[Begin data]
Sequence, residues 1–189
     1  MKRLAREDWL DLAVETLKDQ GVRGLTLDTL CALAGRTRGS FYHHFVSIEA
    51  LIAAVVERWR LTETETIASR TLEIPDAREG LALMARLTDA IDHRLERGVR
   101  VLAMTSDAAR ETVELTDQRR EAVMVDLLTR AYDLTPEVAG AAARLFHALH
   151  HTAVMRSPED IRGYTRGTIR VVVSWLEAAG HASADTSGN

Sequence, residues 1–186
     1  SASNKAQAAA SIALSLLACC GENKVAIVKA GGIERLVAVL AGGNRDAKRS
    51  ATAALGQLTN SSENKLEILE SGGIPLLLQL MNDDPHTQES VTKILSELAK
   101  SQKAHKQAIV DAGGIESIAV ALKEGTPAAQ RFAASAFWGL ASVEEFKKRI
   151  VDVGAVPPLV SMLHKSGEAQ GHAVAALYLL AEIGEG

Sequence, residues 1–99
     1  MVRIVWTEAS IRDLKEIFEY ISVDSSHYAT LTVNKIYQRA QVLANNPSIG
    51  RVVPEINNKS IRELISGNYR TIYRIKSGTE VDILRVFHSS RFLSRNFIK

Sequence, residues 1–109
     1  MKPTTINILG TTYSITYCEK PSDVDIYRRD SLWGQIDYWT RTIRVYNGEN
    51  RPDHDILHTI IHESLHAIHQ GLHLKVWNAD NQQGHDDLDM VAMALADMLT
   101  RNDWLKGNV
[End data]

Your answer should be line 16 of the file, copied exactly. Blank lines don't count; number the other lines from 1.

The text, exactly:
    51  RPDHDILHTI IHESLHAIHQ GLHLKVWNAD NQQGHDDLDM VAMALADMLT